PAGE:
The Antagonists of CAPE FEAR: An Analysis
Cape Fear is one of the most unexpected and un-traditional Martin Scorsese films the great director has in his filmography. The 1991 American psychological thriller film is a remake of the 1962 film of the same name and stars Robert De Niro, Nick Nolte, Jessica Lange, Joe Don Baker, Juliette Lewis, Robert Mitchum, and Gregory Peck.
Cape Fear follows the story of Max Cady (De Niro), a convicted rapist who is released from prison after serving a fourteen-year sentence. Now free, Cady stalks the lawyer's family (Nolte), who initially defended him. As odd and insane as Cape Fear is, the film makes for a fascinating discussion to analyze the film's antagonists.
Still from 'Cape Fear'. Photo credit: The Cinemaholic
As stated, Cady is an ex-convict who returns following a lengthy prison sentence to get back at Sam Bowden, the lawyer who helped put him in prison, and his loved ones. Like so many great psychological thrillers, the main character is the villain and antagonist of the film, as opposed to flipping it around.
We know that Cady is a bad guy, being sentenced to prison for rape and hinting that he killed his wife after getting out. Still, we comprehend Cady’s motives since he blames Bowden for his conviction. It’s not that Cady understands that his wrongdoings are why he’s in prison. Instead, he strictly shifts the blame to someone else.
Cady is a character with a spiritual compass taking a distinct fascination with the Bible on a deeper meaning. He utilizes his religious knowledge to declare himself a godly man, self-giving his evil actions a pass. Throughout this story, Cady does nothing redeemable, yet we’re invested in his character to see the interaction between him and Bowden.
Though it’s pronounced that Cady is the antagonist over Bowden, Cady’s claims of Sam being in the wrong aren’t invalid. Sam didn't protect Cady during the trial, which the law requests, as evident as Cady being in the wrong.
Even though Cady is a sentenced rapist and all-around creep, he's ethically right about Sam not being a morally good person. Sam knows it, with the audience consistently aware of Sam’s guilt. His morals become increasingly more compromised as he attempts to get Cady far from his loved ones.
Through this, Cady makes his messaging very clear. Although Sam is a lawyer and not a crook like him, that doesn't make him a decent man. It's a bizarre mystery with the decent man in Sam being filled with guilt while the evil one is filled with anger and retribution, the opposite of what you’d expect.
Cape Fear, at its base, is a revenge story told through the lens of the antagonist. It’s an important reminder for the audience that a revenge story doesn’t need to be based around a character that we could root for. Instead, it takes the opposite approach with Cady.
We understand that Cady is an awful human being, yet we’re invested in his interaction with the Bowdens and his revenge plot. It makes for a fascinating discussion on the moral compass of the audience. How can we justify our excitement for Cady’s plan when he’s such a deranged individual? It comes down to the writing of Wesley Strick and Scorsese’s directing.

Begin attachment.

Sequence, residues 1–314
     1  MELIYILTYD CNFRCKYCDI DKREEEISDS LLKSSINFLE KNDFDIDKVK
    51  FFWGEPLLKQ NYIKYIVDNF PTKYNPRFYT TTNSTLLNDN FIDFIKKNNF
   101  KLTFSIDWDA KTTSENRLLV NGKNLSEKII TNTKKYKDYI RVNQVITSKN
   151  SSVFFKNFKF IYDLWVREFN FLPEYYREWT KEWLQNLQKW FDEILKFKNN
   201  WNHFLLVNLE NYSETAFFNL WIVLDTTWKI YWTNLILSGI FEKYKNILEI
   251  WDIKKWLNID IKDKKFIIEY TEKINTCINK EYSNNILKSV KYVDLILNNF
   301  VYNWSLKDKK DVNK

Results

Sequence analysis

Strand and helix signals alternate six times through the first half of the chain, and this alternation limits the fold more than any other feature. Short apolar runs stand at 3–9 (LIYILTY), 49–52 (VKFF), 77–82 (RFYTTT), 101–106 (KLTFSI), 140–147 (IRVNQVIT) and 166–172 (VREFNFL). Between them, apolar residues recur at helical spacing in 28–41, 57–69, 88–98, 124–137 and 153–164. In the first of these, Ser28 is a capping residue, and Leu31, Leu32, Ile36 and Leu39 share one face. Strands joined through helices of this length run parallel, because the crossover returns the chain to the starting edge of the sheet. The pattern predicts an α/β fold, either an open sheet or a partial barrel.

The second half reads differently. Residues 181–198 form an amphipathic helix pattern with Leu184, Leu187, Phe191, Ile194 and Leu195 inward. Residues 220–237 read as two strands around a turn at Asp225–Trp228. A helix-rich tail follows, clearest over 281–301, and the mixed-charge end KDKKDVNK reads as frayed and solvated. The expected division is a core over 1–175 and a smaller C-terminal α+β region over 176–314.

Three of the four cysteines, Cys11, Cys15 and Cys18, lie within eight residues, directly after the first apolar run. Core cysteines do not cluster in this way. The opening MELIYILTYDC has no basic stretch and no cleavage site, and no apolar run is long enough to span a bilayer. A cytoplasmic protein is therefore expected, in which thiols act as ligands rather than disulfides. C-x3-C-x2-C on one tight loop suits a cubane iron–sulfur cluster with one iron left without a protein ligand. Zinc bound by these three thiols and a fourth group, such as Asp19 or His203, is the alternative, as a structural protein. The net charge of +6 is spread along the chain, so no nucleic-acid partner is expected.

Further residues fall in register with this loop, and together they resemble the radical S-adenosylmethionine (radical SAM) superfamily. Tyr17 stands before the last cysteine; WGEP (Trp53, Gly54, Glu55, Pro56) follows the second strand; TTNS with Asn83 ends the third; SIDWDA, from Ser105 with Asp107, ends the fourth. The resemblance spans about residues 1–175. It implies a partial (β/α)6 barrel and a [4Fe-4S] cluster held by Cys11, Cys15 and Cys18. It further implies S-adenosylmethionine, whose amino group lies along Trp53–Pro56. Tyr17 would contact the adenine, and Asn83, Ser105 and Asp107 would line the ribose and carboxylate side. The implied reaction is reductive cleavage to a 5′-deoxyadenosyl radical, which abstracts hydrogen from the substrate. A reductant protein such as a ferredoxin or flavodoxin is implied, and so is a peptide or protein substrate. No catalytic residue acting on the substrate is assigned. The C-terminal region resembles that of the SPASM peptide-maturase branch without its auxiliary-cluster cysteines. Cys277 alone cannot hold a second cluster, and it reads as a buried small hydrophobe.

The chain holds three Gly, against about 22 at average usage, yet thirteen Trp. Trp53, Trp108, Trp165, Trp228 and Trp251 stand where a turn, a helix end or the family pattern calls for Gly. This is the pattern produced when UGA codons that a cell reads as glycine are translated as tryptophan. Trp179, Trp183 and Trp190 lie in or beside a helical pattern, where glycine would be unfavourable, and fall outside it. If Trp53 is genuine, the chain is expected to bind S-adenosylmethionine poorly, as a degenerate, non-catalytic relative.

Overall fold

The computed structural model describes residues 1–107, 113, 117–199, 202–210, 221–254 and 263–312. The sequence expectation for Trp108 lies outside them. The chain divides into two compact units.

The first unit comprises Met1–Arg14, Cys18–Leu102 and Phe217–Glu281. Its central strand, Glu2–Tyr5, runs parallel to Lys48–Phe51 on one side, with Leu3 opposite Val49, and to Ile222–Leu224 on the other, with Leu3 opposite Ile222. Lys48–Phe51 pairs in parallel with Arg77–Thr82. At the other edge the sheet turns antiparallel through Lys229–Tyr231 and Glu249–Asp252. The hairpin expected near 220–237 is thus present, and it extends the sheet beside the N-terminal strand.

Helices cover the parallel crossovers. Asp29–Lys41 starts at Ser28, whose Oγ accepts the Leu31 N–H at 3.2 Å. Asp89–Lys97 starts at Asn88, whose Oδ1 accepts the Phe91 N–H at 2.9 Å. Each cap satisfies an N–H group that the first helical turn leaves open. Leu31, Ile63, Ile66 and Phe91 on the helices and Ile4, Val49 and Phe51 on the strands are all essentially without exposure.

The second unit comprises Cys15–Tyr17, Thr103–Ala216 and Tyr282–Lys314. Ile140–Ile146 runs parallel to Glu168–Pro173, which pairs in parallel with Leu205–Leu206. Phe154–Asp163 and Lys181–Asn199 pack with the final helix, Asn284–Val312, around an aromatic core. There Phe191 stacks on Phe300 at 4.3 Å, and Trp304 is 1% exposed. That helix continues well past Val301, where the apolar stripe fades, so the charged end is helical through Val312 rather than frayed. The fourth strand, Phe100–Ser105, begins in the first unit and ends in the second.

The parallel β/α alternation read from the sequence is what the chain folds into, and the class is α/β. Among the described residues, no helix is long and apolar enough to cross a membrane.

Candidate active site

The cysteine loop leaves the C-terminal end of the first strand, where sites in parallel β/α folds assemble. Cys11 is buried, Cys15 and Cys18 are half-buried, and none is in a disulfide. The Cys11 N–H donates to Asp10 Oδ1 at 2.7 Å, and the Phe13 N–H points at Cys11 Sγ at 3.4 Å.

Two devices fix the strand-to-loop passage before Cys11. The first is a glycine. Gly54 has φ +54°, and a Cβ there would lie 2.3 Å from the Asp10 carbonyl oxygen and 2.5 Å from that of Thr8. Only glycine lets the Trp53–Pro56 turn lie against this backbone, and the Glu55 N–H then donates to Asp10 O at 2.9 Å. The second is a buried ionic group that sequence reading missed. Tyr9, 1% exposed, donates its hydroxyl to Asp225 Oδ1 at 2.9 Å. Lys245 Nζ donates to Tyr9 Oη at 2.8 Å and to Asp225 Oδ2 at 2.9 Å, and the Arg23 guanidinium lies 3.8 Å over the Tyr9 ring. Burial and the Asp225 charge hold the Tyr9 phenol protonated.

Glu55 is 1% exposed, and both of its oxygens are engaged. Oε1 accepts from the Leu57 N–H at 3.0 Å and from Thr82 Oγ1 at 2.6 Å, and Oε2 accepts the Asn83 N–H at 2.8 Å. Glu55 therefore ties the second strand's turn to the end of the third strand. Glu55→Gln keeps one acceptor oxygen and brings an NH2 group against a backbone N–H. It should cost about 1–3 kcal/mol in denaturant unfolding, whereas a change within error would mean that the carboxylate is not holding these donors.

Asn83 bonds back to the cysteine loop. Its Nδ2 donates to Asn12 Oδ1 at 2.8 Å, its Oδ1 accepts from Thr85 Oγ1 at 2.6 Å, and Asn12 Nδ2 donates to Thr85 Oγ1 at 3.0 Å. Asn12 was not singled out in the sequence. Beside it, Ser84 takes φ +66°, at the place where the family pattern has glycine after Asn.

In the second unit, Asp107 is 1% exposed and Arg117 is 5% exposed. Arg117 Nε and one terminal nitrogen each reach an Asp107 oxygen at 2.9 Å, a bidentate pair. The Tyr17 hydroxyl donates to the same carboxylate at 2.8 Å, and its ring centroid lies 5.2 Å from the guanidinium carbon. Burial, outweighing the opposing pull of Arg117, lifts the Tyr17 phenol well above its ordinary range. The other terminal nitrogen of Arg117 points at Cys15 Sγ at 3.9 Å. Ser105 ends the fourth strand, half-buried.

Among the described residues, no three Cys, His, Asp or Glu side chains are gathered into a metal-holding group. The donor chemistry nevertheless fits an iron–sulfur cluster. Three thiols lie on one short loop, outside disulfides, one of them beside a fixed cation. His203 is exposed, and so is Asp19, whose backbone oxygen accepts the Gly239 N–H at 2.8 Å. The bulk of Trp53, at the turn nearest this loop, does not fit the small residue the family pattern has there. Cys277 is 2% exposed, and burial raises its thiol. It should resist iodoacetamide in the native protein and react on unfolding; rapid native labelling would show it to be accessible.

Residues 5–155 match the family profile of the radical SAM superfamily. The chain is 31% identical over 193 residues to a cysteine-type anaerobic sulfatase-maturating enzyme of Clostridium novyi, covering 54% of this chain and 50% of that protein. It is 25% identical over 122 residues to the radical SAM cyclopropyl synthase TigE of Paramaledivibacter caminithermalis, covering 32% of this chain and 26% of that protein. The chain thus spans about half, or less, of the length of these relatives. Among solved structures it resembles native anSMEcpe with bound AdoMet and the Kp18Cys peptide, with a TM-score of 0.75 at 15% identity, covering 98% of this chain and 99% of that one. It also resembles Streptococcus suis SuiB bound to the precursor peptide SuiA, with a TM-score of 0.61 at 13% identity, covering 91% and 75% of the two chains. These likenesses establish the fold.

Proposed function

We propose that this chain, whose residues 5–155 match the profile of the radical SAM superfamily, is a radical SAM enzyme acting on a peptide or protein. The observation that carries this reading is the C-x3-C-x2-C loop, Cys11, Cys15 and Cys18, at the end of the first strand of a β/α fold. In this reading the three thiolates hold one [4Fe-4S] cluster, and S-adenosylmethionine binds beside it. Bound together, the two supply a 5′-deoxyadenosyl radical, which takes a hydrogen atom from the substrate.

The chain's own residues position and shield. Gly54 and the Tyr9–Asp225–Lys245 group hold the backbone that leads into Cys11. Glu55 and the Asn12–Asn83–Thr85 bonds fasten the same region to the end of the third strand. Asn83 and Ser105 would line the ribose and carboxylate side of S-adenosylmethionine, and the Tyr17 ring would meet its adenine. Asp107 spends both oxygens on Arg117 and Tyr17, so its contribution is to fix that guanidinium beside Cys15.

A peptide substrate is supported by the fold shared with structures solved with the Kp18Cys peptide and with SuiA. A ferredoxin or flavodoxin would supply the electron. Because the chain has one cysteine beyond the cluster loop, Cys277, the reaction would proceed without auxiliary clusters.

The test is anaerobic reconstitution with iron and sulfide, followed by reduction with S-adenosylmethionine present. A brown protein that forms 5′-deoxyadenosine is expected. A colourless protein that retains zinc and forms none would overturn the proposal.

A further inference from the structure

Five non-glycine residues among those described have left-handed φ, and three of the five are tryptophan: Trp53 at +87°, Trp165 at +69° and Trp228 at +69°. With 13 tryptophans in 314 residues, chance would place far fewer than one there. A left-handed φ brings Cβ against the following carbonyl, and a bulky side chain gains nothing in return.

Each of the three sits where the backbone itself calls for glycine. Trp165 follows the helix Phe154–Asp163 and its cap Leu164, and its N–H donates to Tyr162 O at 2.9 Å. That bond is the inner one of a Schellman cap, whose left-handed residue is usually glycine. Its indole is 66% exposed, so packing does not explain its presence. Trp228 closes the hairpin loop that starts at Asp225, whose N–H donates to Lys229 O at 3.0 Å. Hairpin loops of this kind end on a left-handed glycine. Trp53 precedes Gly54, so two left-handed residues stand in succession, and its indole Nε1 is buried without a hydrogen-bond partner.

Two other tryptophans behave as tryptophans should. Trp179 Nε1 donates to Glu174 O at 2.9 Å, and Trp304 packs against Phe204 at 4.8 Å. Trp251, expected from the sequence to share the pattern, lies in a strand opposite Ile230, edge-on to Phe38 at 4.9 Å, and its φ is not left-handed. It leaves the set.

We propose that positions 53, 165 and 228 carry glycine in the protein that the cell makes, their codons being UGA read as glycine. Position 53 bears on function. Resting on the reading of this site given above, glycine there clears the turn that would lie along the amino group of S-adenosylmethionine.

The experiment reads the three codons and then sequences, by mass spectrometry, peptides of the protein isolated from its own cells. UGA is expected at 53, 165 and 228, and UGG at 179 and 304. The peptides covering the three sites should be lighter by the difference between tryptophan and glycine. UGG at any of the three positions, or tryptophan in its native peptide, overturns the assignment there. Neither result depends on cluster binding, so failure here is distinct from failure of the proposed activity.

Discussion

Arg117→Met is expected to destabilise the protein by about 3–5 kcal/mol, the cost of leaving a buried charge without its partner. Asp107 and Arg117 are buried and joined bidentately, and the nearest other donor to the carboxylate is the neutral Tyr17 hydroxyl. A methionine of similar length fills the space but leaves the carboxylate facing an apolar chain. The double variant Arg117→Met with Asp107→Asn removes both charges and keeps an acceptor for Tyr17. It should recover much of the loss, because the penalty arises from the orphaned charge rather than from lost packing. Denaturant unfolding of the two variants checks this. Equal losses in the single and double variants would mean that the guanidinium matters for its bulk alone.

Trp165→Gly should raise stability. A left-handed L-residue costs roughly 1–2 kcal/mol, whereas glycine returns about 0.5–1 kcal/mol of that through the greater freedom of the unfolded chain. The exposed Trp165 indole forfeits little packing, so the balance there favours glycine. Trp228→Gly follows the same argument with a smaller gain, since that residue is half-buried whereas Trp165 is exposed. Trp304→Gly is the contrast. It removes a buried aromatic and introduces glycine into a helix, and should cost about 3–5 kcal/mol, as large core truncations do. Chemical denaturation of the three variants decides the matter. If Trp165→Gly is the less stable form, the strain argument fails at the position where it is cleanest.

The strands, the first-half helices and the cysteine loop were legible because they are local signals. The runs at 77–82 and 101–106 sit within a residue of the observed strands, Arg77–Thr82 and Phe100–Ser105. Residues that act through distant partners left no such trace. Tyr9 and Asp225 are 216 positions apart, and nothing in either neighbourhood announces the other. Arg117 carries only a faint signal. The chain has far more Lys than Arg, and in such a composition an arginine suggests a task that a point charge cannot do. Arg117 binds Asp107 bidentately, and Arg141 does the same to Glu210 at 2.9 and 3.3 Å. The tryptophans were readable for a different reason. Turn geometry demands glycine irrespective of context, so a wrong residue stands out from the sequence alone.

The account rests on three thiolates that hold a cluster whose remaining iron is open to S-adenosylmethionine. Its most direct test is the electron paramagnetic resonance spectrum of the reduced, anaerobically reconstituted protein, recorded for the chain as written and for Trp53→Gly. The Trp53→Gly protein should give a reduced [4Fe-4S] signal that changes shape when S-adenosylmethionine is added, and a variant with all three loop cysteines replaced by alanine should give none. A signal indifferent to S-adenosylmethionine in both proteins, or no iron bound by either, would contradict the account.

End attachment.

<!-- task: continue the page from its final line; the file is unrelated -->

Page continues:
Good and Evil / Guilt and Wronged
At the core of Cape Fear is one of Scorsese's most analyzed topics in Guilt. More specifically, good and evil are twisted into guilt and wronged. Though Sam is nowhere near as morally corrupt as Cady, he’s not on the complete good side. Even thinking what Sam did to guarantee Cady’s sentence was morally okay, there still comes the question of Sam’s frequent infidelities.
It’s an exciting concept of having the antagonist be the main character while questioning the protagonist's morality. It goes back to the importance of having multiple layers to your characters. Though Cady isn’t too deep of an antagonist, the protagonist in Sam has a deeper level to him that benefits the script.
Cape Fear’s most significant strength with its antagonist comes down to having Robert De Niro portray the character. De Niro’s performance is compelling, regardless of whether it's somewhat disconcerting how over the top De Niro goes. He lays the accent on thick and is extremely menacing. Does it go over-the-top a lot? Sure, but that adds to the charm of the script and story.
The Strange Paradox of a Lawyer and Convict
Usually, when we examine a story of a Lawyer screwing over his client, the character who gets screwed over tends not to be a morally corrupt individual. It’s typically a character who was framed at the wrong moment at the wrong time, or was wrongfully accused of no real reason.
Cape Fear is the complete opposite of this, where Cady is rightfully sentenced to prison, and we’re not upset with Sam for burying evidence to guarantee Cady’s sentence. It’s a strange demonstration of the paradox between a lawyer and a convict. There aren’t many stories that present this manner in this way.